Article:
Pickleball Serves... What Are The Rules?
First things first here. So what exactly are the rules of the serve in pickleball? It is pretty simple really! Here is what you need to know:
- The service starts on the right side of the court. Serves are made diagonally into the non-volley zone / service court on the opposite side of the net.
- The server continues serving until he/she loses the point, alternating sides with each point.
- The score should be called out before the serve. The score consists of THREE numbers (unlike tennis which is just two): The serving team’s score is called out first, the receiving team’s score is called second, and either a "1" or "2" is called third. The third number indicates if it's the serving team’s 1st or 2nd chance to serve. The score at the beginner of game is “0-0-Start” because the first team to serve a game only gets one chance to serve. When they lose the point, serve passes to other team. After this, each team gets two chances to serve.
- Do I get a second chance serve if the first one doesn't go in (i.e. like in tennis)? NO! There is not double fault as in tennis. You get one chance to get your serve in without faulting. The only exception is a 'let'... this is where the ball touches the net but lands in the service court. In this case you make take the serve again.
- The serve MUST be underhand. No tennis like serves here. The motion is similar to bowling
- Contact between the paddle and ball MUST be below your waist. Again, no tennis type serves of psudo-underhand serves where you come around the side of your body make contact above the waist
- Foot Faults: Both feet MUST be behind the baseline for the serve. Neither foot may touch the baseline or the court area until AFTER the ball is struck.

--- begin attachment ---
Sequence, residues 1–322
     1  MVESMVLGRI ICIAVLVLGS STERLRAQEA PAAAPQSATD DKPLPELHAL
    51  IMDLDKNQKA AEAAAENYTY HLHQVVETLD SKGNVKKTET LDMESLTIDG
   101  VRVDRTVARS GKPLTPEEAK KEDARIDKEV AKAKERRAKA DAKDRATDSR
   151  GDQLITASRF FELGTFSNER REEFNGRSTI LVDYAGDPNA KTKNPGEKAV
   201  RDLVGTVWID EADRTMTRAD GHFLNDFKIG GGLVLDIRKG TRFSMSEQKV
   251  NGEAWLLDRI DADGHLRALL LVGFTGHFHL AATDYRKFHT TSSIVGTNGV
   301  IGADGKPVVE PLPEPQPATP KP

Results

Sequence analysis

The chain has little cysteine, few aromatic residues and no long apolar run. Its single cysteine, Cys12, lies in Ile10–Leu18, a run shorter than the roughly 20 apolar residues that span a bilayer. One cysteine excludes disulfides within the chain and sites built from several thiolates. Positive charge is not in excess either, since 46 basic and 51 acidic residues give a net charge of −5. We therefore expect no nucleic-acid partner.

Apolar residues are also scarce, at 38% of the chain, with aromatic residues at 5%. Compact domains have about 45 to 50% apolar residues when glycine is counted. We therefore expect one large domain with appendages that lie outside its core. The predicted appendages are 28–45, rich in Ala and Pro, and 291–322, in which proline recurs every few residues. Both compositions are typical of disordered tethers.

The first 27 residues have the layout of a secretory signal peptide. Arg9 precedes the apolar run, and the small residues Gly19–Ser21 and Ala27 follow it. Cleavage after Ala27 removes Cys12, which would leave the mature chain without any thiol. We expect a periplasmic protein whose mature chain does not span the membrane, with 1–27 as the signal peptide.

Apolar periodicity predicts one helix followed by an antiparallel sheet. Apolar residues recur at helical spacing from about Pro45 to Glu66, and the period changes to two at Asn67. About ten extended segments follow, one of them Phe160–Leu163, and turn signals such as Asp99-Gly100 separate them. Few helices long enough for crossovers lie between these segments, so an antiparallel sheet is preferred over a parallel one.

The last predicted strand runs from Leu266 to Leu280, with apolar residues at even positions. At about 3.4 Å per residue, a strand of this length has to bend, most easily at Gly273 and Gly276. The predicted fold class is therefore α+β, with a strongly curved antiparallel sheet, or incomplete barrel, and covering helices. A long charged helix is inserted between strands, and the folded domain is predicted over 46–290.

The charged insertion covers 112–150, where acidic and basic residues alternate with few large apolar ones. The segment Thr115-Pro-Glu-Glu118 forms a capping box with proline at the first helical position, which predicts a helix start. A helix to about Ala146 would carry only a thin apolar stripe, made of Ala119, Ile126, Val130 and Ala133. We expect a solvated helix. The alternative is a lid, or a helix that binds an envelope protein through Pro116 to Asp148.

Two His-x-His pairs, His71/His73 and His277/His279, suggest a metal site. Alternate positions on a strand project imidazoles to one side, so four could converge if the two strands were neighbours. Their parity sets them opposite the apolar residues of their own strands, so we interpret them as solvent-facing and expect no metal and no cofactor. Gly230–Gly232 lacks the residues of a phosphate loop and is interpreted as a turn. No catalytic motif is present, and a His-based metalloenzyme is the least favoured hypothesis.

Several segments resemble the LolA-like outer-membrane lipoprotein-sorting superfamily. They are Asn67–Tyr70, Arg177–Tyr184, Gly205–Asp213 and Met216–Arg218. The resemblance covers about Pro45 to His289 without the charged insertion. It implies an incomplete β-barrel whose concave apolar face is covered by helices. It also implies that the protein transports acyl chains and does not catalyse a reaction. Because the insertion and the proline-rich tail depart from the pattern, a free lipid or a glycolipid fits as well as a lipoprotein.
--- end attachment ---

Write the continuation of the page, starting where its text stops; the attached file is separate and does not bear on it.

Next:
How Do I Serve In Pickleball?!? What Is The Proper Technique?
The serve is pickleball is obviously very important - after all, it starts the rally and you can't score a point unless you get your serve in! Good form and technique will take you a long way. For those just starting out, this is what we recommend:
- Do NOT rush your serving motion. This is a common mistake - a natural and easy motion is most effective.
- Look up and pick the spot you want to aim for on the other side of the court, mentally locking it in. From there, keep your head down focusing on the ball and paddle impact. Similar to golf... pick your spot and then keep you head down through impact.
- Your lead shoulder (i.e. the left shoulder for right handed players) is where the ball will travel. So aim your shoulder in the direction of the target.
- A underhand "bowling" motion is the proper motion. The motion should be smooth and natural, transferring your weight from back to front.
- The swing doesn't stop at impact. Instead it is important to follow through.
- The serve finish is approximately at shoulder height.
Okay I've Got The Rules & Techniques Down... What Are Some Pickleball Serving Strategies?
In pickleball the serving team is at a disadvantage. This is different than tennis. The reason being that the receiving team has the first opportunity to establish a presence at the net which is advantageous. Here are a couple strategies to make you can implement in your service game:
- When you are beginning the most important factor is simply to get your serve in!
- Once you get better you can focus more on velocity, spin, and placement.
- Mix up your serves (velocity and location). It makes sense to mix up your serves but short serves make it easier for the receiving team to come to the net so the bulk of your serves should be deep. If you serve to the same location with the same velocity repeatedly you become very predictable giving an advantage to your opponent.
- Serve to the backhand of your opponents. In general, people are weaker on their backhands.
- Players don't typically like to play higher balls so mix in some lob-like high serves. This often can throw opponents off their game.
- A deep, firm serve to your opponent's backhand is the go-to option for many players
- Practice sharp angle serves, heavy spin serves, and other non-standard serves on the practice court. These often have a lower probability of going in but can be effective to mix in if you are proficient at them.
Thanks for reading. See you on the Pickleball Court!!!